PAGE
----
Intersectionality – specifically, the intersection of feminism and race as it pertains to Black women – has become a bit of a Tumblr buzzphrase that is generally applied to major social issues. But it has a real and important place in fandom as well, and while that is generally accepted on the surface, it has come to mean (to folks to don’t actually get it) simply acknowledging the existence of Black women.
Here’s the thing, though. Intersectionality isn’t white women reblogging photos of black women with the caption “omg so beautiful!” It isn’t fancasting Lupita in everything or having “poc” headcanons of white characters. It doesn’t even necessarily mean supporting existing Black women characters (though that’s a start). Those things are inclusive, but they’re not necessarily intersectional.
To understand the intersectionality of feminism and race in media (and, by extension, fandom), one must understand the fundamental differences between what is considered empowering for white women vs. what is empowering for Black women. (Hint: due to many years of dehumanization of Black women while white women have been portrayed as The Ideal, these two perceptions are almost diametrically opposite.)
Take the Strong Woman who isn’t there to be loved. White women love this trope, because white women in media are so often primarily seen as love interests. I can understand how that can be frustrating, and how it can be refreshing to see, say, Furiosa in Mad Max. But – and this is important – the Strong Woman trope, applied to a Black woman, reads entirely differently, and to ignore that ignores intersectionality altogether.
Black women have almost never been the ones who need protecting in media. Black women aren’t sick and tired of always being love interests. The Strong Independent Woman (thanks in part to fandom repeatedly using the term to try and keep women of color in their romance-free place) has become virtually a slur when it comes to Black women in media in the same way the Damsel in Distress makes white women’s skin crawl. If you care about intersectionality at all, it’s important to understand that. The experience of Black women in media is the Bizarro World version of white women’s experience.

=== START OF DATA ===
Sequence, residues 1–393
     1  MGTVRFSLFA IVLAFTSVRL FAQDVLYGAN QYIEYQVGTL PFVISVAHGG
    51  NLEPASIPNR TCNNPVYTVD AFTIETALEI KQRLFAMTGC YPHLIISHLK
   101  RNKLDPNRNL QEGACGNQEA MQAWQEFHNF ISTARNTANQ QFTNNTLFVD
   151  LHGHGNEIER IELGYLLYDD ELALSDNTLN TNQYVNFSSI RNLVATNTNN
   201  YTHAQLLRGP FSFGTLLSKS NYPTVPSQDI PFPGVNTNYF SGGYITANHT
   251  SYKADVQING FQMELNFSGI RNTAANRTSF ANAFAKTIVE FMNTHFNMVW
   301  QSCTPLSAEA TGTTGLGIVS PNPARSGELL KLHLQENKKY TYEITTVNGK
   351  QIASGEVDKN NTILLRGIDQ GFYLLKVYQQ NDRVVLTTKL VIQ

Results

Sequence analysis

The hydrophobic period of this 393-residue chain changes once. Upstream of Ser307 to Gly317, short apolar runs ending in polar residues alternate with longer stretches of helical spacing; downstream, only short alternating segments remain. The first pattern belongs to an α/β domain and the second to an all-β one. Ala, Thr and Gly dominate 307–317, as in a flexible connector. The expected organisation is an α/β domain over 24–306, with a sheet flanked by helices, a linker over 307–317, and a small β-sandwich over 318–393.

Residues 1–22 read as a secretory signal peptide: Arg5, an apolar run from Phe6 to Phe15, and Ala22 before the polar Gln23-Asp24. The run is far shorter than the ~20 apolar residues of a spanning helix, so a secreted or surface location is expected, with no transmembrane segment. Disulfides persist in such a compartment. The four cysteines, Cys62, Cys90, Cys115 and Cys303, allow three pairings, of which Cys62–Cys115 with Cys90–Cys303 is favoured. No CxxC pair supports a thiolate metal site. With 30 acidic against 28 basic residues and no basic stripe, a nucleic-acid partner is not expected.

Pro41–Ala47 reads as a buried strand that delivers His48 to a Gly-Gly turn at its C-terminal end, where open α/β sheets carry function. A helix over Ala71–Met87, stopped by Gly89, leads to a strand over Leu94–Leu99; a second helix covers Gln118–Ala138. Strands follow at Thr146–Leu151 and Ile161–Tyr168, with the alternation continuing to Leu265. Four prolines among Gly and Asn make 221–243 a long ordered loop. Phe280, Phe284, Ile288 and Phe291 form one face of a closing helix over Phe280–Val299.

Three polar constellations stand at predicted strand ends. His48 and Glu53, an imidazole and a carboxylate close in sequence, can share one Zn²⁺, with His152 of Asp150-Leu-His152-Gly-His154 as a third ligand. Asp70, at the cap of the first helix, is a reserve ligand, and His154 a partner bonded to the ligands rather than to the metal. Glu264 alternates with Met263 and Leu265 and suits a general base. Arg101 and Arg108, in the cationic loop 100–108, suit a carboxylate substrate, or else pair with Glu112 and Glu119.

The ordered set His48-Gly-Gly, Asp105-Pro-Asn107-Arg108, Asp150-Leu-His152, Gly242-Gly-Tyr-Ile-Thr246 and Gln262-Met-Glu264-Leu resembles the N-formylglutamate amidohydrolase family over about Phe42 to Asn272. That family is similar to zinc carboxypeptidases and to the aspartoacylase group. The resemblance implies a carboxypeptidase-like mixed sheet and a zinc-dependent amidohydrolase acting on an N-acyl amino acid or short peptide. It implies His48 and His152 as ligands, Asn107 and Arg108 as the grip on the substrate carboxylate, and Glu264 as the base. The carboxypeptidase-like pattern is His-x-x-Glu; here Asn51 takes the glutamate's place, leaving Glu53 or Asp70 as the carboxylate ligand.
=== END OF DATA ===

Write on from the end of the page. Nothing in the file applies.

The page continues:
Most “inclusive” feminists can see the disparity between Scarlett O’Hara and Mammie, and (I hope) understand that Mammie was dehumanized and otherized. The Scarlett and Mammie trope lives on today, with only the most un-PC parts of the Mammy character removed. Otherizing Black women is not yet widely considered un-PC. It still continues in the media we consume every day. And just because they’re often glorified for being so strong, so tough, and so independent it doesn’t make it OK.
Abbie Mills is a tough, independent badass – but Katrina embodied “womanhood,” precious and pure. Michonne is a tough, independent badass – but Jessie embodies “womanhood.” And on and on.
It has been said so many times, but it hardly ever seems to sink in: It is progressive and feminist for Black women to be the precious ones, the love interests, the damsels who need saving.
So if you instinctively ask why a Black woman can’t just be strong or get upset if she is “reduced to a love interest,” allowed the kind of romantic storyline you take for granted and spit on, the answer is: Your brand of feminism doesn’t apply here.
And, you know, that doesn’t negate that brand of feminism. Intersectionality (of all kinds) asks you to look at feminism as something that is complex, not a set of one-size-fits-all rules.
“Fandom and the Intersection of Feminism and Race,” ©diversehighfantasy, originally posted 12 September 2015